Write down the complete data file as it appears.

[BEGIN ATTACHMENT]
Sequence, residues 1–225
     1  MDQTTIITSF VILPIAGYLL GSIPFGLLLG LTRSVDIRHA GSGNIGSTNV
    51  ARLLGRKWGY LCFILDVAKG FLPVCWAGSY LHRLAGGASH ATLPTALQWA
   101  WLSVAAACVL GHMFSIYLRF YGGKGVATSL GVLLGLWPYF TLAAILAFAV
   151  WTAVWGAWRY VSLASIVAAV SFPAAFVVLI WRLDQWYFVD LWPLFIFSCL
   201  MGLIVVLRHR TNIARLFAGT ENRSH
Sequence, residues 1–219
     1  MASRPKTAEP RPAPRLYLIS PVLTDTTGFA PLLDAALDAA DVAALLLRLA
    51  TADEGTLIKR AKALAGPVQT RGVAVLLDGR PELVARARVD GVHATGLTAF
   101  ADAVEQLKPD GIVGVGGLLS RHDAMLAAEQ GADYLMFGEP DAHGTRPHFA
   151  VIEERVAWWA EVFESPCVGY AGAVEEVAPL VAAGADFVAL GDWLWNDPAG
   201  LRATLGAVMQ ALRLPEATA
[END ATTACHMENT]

Sequence, residues 1–225
     1  MDQTTIITSF VILPIAGYLL GSIPFGLLLG LTRSVDIRHA GSGNIGSTNV
    51  ARLLGRKWGY LCFILDVAKG FLPVCWAGSY LHRLAGGASH ATLPTALQWA
   101  WLSVAAACVL GHMFSIYLRF YGGKGVATSL GVLLGLWPYF TLAAILAFAV
   151  WTAVWGAWRY VSLASIVAAV SFPAAFVVLI WRLDQWYFVD LWPLFIFSCL
   201  MGLIVVLRHR TNIARLFAGT ENRSH
Sequence, residues 1–219
     1  MASRPKTAEP RPAPRLYLIS PVLTDTTGFA PLLDAALDAA DVAALLLRLA
    51  TADEGTLIKR AKALAGPVQT RGVAVLLDGR PELVARARVD GVHATGLTAF
   101  ADAVEQLKPD GIVGVGGLLS RHDAMLAAEQ GADYLMFGEP DAHGTRPHFA
   151  VIEERVAWWA EVFESPCVGY AGAVEEVAPL VAAGADFVAL GDWLWNDPAG
   201  LRATLGAVMQ ALRLPEATA